All Future Liability on a Lease Counted for Subchapter V Eligibility
Future liability on a lease was counted as a liquidated, noncontingent debt in calculating whether the Subchapter V debtor had more than $7.5 million in debt.
If followed by other courts, a decision by Bankruptcy Judge Klinette H. Kindred of Alexandria, Va., could knock some debtors out of Subchapter V solely as result of liability on long-term leases.
In her June 14 decision, Judge Kindred distinguished a decision by Bankruptcy Judge Thomas J. Catliota of Greenbelt, Md., who held that the contingent liability on a lease is not counted in deciding whether the debtor has more than $7.5 million in debt. See In re Parking Mgmt., 620 B.R. 544 (Bankr. D. Md. 2020).
The debtor was a software developer who ran into bad times during the pandemic. With employees working from home, the debtor needed less office space. On filing in chapter 11 and electing treatment under Subchapter V, the debtor filed a motion to reject the office lease.
The rent owing throughout the remainder of the term of the lease was $14.4 million. The landlord moved to dismiss the case as a bad faith filing. Short of dismissal, the landlord wanted Judge Kindred to declare that the debtor was ineligible for Subchapter V, counting the remaining rent under the lease.
The debtor countered by saying that future rent was contingent on the filing date and that the lease claim shouldn’t be more than the capped rejection claim under Section 502(b)(6).
For Subchapter V eligibility, the outcome was controlled by Section 1182(1). It requires the debtor to have:
noncontingent liquidated secured and unsecured debts as of the date of the filing of the petition. . . in an amount not more than $7,500,000 . . . not less than 50 percent of which arose from the commercial or business activities of the debtor.
Judge Kindred said that the parties found no cases “directly on point.” Parking Management was the closest. There, the debtor moved to reject leases alongside the filing of the petition. Evidently, lease-rejection damages would make the debtor ineligible for Subchapter V.
Because rejection was dependent on action by the court after filing, Judge Catliota held that the rejection claims were contingent and thus not included in the eligibility calculation.
Judge Kindred distinguished Parking Management for having only focused on rejection damages that were contingent. She said, “that does not mean this Court will ignore the Debtor’s existing pre-petition liability under the Leases in favor of post-petition events when determining eligibility.” Absent rejection, she said that the debtor would owe $14.4 million under the lease.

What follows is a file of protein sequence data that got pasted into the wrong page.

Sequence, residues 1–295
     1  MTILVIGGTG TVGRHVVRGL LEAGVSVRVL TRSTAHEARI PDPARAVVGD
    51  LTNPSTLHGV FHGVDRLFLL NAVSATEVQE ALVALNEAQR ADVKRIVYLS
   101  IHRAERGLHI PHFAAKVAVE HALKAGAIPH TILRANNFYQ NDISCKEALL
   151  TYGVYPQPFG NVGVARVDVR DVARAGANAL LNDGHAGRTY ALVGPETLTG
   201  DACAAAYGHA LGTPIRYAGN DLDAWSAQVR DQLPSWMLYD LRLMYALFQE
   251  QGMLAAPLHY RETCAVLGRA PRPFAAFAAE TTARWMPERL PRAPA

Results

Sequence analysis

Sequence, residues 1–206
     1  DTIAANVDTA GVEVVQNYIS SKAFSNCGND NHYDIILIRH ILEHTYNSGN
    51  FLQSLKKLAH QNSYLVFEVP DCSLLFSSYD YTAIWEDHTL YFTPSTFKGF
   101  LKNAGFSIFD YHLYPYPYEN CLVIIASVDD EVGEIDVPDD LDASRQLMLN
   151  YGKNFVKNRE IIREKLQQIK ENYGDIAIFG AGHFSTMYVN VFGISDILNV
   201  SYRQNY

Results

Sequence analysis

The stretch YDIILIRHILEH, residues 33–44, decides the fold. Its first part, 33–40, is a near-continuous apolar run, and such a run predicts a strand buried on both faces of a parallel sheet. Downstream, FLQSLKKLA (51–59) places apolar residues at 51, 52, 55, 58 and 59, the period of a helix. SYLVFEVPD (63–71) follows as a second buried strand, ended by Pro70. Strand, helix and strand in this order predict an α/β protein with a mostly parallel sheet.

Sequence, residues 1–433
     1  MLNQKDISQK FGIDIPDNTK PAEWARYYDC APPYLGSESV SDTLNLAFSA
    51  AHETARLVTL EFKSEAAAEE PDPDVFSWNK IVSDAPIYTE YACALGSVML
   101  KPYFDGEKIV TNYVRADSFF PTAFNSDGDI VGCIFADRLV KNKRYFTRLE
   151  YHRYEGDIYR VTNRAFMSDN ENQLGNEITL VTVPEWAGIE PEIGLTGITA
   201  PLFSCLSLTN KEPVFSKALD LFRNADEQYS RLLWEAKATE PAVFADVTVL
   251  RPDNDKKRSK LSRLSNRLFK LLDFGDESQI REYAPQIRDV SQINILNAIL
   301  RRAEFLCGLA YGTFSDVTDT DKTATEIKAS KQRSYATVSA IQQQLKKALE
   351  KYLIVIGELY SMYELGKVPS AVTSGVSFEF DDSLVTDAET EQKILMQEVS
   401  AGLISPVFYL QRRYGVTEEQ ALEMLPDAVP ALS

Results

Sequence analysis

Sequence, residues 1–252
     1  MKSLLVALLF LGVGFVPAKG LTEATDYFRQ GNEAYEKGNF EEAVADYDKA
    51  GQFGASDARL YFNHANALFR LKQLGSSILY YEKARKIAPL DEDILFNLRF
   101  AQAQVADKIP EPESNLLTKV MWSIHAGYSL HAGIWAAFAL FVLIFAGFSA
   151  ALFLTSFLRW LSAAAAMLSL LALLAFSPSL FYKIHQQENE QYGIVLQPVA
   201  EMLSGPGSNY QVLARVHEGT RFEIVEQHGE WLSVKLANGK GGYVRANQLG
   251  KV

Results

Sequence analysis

“In this case,” Judge Kindred said, liability on the lease arose before filing when the lease was executed. Therefore, she held that liability on the lease “must be considered noncontingent and liquidated,” making the debtor ineligible for Subchapter V. She also rejected the idea of counting only the capped lease claim.
Believing that other creditors would not benefit from dismissal, Judge Kindred revoked Subchapter V eligibility but allowed the debtor to continue under “regular” chapter 11.
Together with granting the debtor’s motion to reject the lease, Judge Kindred also denied the landlord’s motion to dismiss for a bad faith filing. She held that the landlord had not shown both subjective bad faith and objective futility, as required by the Fourth Circuit in Carolin Corp. v. Miller, 886 F.2d 693 (4th Cir. 1989).
On subjective bad faith, Judge Kindred found nothing wrong with a debtor who files bankruptcy to reject a lease and cap damages. On objective futility, she said that the debtor’s 100% plan may require “some tweaks” but “cannot find that the restructuring in this case is objectively futile.”
On signing a lease, is the lessee immediately liable under state law for all of the rent during the term of the lease? Or, is the lessee only liable each month for that month’s rent when the rent comes due?
If a debtor is current on a lease on filing a Subchapter V petition, is there any debt to count with regard to the $7.5 million cap for eligibility?
Is the debtor liable under state law for all remaining rent if the debtor was in default on filing? Or, is the debtor liable only for the amount in arrears?
If the debtor moves to assume and cure lease defaults, how much is there in lease liability? If the debtor moves to reject a lease, is Subchapter V liability based on the capped rent claim?